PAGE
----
Beautiful Material Design for Android & iOS

David Ortinau

This week, Xamarin.Forms 3.6 shipped with another round of improvements, the most exciting of which is called Visual. Visual enables developers to create beautiful, cross-platform mobile applications that share not only a massive amount of code but also design and behavior. Material Design is the first style of cross-platform controls to take advantage of Visual.

A Unified Experience Across Android & iOS

Every month the Xamarin product team surveys Xamarin developers and has hundreds of one-on-one interactions with Microsoft customers to learn how we are progressing on key challenges developers face every day. One such challenge is making your Android and iOS apps look and behave consistently with each other. Xamarin values deep integration with the host platform, culture, and design patterns that are expected by people like us, living and working on their devices. In fact, Xamarin excels at this by providing all those native controls out-of-the-box. When you start a new Xamarin project, you get the same starting point you would get if you started new projects with Xcode and Android Studio.

Today, we believe we can do better to boost your productivity when your design goal is to achieve mostly the same visual appearance and behavior across these mobile targets. In Xamarin.Forms 3.6 we are introducing the first iteration of Visual with a suite of Material design components for Android and iOS. When you enable Material Visual, supported and decorated controls adopt the same design system cross-platform to create a unified look and feel. Let’s look at our implementation of the Material design components to see how this works by making your own, then get you started with Material, and finally look at the roadmap for this exciting new capability.

Material Design in Xamarin.Forms

In 2014, Google introduced the Material design system to describe guidelines for how interactive UI should be implemented in order to achieve highly usable interfaces that would delight people. This system has been so well received, that it inspires many of the mobile app designs we see from you. Let’s start by looking at a Button.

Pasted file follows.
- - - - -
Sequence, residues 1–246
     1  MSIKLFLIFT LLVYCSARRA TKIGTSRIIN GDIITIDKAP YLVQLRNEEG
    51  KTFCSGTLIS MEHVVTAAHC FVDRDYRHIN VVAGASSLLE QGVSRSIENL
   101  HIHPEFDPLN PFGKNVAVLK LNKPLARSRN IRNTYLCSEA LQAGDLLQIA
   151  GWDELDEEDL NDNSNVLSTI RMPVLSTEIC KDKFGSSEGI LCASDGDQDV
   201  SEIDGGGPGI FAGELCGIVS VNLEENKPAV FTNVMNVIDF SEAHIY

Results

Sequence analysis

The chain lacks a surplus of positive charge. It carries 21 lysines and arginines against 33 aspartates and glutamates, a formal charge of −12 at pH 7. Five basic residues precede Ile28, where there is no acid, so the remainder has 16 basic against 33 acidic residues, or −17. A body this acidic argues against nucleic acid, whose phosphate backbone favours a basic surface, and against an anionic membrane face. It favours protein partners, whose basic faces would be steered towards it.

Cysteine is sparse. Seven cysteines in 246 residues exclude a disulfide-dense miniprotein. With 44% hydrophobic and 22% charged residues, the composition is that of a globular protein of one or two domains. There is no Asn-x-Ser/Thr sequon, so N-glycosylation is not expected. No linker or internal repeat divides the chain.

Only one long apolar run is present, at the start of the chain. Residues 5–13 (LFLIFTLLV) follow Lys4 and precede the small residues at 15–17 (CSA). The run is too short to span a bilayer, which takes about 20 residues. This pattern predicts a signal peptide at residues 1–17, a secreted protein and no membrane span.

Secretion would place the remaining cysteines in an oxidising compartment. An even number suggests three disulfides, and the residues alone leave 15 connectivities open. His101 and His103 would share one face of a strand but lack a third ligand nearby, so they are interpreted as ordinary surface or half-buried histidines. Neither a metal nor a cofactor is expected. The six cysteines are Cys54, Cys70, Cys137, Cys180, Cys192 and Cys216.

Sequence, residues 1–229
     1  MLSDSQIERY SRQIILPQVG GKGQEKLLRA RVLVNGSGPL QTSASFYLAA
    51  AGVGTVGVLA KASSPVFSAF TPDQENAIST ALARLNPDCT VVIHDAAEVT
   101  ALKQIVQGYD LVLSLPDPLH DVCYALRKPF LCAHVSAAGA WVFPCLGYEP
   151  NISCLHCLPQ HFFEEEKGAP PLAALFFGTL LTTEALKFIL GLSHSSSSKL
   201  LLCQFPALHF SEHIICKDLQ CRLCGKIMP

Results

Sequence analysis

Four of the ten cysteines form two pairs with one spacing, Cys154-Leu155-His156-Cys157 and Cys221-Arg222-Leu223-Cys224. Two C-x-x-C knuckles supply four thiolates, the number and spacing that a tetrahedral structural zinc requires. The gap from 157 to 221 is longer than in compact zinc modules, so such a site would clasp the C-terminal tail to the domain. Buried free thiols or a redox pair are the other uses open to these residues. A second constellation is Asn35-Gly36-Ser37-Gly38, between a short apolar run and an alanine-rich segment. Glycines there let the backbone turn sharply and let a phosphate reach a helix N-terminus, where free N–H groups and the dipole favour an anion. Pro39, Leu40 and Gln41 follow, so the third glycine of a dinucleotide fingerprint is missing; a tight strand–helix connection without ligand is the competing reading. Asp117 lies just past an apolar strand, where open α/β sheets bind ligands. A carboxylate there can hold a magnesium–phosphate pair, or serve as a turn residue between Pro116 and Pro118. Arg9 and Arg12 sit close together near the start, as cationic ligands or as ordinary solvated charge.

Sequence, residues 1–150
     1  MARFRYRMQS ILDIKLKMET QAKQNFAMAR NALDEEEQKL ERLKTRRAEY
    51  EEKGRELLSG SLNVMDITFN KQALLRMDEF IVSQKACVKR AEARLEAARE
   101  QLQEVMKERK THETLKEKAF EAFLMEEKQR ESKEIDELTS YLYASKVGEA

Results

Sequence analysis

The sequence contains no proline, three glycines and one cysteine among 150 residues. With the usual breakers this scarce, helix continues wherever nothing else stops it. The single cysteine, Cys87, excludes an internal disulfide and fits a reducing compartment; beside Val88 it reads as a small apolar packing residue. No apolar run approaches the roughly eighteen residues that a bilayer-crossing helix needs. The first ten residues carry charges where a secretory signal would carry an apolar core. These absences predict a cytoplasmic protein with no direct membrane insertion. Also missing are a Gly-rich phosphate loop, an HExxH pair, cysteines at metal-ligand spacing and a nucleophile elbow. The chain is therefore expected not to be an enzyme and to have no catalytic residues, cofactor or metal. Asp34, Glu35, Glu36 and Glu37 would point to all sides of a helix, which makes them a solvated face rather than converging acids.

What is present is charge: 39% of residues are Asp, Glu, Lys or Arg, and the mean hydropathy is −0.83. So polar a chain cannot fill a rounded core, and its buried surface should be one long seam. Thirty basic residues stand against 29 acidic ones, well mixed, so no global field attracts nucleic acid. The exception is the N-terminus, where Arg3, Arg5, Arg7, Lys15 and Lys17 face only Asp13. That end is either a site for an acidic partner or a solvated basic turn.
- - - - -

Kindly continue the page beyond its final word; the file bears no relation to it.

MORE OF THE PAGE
Material Design Buttons from Google’s Material Design Guidelines

If you enable the Material theme in your Android platform project, you will get this design and behavior by default. But what about iOS? Google now also provides a set of iOS controls that implement an interpretation of Material design. Xamarin.Forms Material Visual makes it possible to use both at once and does some additional work to improve the consistency between platforms.

How Visual Works

Visual is a set of control renderers. At its most fundamental level, that’s it. You can use Visual today to tie together all your custom renderers across all the Xamarin.Forms backends (platforms). If you are unfamiliar with how custom renderers work, then our documentation guides can bring you up to speed.

Let’s run through the steps for making your own Visual. To begin, declare an IVisual marker in your Xamarin.Forms library.

namespace MyApp
    public class FancyVisual : IVisual

The code is a couple of lines; the marker exists to tie renderers together. Next, in your platform project you add this marker to the custom renderer’s ExportAttribute:

[assembly: ExportRenderer(typeof(Xamarin.Forms.Button), typeof(FancyButtonRenderer), new[] { typeof(MyApp.FancyVisual) })]
namespace MyApp.Droid
	public class FancyButtonRenderer : ButtonRenderer
		public FancyButtonRenderer(Context context) : base(context)

		protected override void OnElementChanged(ElementChangedEventArgs<Xamarin.Forms.Button> e)
			Element.Text = "I am a Custom Visual Renderer";

Now in your XAML, when you use a Button and mark it to use your new Visual="FancyVisual" the Xamarin.Forms toolkit will use your special renderer. You can also omit the “Visual” suffix, Xamarin.Forms will respect both.

<Button Visual="Fancy" />

What about other controls? If no renderer is found for your marker, then the Xamarin.Forms default renderers are used.

Getting Started with Visual Material

When it comes to delivering Material Design consistently across Android and iOS, we are of course using Visual. The Material Design system is opinionated, as are most design systems. It prescribes the size, color, spacing, and potentially other aspects of how individual controls and entire layouts should look and behave. As such, when you adopt Visual=”Material” in your code, those design system rules are applied by highly customized renderers. In the case of Material for iOS, we have supplied those renderers in a specific NuGet package, Xamarin.Forms.Visual.Material.

Install The Visual Material NuGet

To get started using Visual in a Xamarin.Forms 3.6 projects, open your NuGet package manager in Visual Studio and add Xamarin.Forms.Visual.Material to the Android and iOS projects. This is the style you want, because…well, it’s the only style available at this time! More on that later.